Receiving wheelchair assistance in Cali airport was an honest godsend. I had quickly learned that crutches didn’t go well with carrying luggage.. or texting.. or scratching your face.. or crowds. Befriending another gringo in the airport queue, he took my bag, managed to bump me onto his earlier flight, kept me company and bought me a bottle of water, asking only that I promise to pass on the act of kindness – he did not need to ask twice! Equally, all the assistants who wheeled me around were amazing, considerate and patient – nothing was too much trouble. One of the more memorable moments perhaps being wheeled to/from the bathroom by a male assistant. Talk about door to door!

Upon arrival in Brazil and now with a splint, life was much easier. On reflection it is perhaps the sad truth that visible disabilities are what get you the most help and sympathy. Paradoxically, I’ve been much stronger and confident with a splint but have drawn much more attention to the help I need for my sprain. Doors have been opened, umbrellas held, bags carried, places ahead in the queue offered (I didn’t accept) and electronic wheelchairs presented. My determination means I want to try and do it myself but actually all of these offerings were exactly what I needed to get by in every day life. My splint just made it obvious. The difference in attention really drove home that just because we can’t see it, doesn’t mean that people aren’t struggling. It’s rallied me to continue ‘passing on the kindness’ and to do my best to be the support and metaphorical crutch to those around me where I can.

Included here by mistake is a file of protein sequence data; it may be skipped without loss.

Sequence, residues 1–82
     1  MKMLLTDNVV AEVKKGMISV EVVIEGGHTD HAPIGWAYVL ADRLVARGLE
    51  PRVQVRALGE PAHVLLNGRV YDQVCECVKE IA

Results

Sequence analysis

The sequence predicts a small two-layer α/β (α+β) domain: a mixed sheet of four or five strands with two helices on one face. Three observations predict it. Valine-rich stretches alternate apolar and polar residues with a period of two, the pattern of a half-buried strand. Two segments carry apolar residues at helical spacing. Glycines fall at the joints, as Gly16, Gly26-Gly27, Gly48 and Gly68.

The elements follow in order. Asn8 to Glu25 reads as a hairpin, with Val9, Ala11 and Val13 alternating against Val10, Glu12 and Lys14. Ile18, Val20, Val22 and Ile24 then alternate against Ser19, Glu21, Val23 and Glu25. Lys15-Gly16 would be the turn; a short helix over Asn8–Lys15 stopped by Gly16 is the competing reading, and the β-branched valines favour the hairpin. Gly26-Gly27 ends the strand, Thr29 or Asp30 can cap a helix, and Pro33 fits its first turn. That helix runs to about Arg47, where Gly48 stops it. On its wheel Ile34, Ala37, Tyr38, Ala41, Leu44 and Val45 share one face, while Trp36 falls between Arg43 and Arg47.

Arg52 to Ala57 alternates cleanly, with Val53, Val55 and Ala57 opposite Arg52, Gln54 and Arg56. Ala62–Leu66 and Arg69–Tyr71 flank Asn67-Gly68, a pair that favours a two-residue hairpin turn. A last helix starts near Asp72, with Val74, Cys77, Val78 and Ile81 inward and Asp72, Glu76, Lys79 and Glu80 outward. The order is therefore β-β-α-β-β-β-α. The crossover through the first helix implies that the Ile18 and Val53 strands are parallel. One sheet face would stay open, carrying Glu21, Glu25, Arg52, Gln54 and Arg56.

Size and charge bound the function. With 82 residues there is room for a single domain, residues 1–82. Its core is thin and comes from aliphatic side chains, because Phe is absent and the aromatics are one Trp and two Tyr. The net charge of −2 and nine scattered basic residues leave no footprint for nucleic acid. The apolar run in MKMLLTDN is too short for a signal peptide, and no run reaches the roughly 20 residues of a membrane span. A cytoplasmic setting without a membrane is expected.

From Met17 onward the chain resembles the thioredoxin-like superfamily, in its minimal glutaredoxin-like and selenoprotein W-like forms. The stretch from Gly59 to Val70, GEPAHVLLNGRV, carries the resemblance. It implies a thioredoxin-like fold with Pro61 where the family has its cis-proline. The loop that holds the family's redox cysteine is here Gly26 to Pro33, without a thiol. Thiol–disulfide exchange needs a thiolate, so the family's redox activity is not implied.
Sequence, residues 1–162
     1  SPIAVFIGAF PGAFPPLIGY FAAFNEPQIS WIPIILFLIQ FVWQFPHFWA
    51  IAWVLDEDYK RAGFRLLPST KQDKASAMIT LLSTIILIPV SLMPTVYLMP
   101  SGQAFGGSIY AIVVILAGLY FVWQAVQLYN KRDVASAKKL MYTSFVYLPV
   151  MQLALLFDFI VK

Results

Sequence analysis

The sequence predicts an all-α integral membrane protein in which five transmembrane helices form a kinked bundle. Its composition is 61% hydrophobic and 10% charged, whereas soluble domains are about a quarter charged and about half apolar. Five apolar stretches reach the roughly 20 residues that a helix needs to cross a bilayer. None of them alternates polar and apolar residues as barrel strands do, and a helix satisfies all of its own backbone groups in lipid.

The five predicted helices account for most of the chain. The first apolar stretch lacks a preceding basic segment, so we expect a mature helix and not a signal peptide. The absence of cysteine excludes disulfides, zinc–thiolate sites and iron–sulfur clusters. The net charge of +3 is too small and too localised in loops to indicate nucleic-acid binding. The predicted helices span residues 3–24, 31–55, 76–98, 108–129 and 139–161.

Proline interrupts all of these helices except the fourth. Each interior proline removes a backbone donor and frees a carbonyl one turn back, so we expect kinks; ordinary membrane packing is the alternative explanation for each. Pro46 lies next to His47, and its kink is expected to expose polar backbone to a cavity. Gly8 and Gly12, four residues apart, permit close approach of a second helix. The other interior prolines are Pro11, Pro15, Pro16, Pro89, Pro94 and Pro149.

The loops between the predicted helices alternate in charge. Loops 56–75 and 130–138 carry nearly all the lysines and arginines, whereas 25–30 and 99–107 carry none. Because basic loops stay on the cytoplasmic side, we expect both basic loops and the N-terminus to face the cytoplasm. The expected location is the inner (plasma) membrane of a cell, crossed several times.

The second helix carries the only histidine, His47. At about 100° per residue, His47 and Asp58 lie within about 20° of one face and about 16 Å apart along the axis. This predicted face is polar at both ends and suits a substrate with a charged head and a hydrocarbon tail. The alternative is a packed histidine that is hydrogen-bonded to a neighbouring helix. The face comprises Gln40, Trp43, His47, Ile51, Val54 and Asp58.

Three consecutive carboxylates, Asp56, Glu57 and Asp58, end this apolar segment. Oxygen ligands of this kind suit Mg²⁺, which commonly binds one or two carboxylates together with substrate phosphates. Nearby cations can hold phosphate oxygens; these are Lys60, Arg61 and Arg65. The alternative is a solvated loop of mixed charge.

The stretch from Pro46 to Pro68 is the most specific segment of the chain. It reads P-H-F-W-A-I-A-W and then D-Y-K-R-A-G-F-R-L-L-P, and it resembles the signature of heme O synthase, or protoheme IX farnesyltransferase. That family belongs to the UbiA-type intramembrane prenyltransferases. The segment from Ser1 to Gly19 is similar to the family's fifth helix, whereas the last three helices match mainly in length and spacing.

Although slow and painful, it’s really been no bad thing to be reminded of how easy it is to take life for granted and how important it is to stop and take it all in. Each time I’ve struggled, I try to remember how lucky I am to have what I do and how grateful I am to the people who noticed I needed help…

Happy Christmas everyone, be kind, be generous, be loving and try to look around from time to time to see what smiles you can pass on…it seems there are opportunities everywhere! 🎄🤶🎅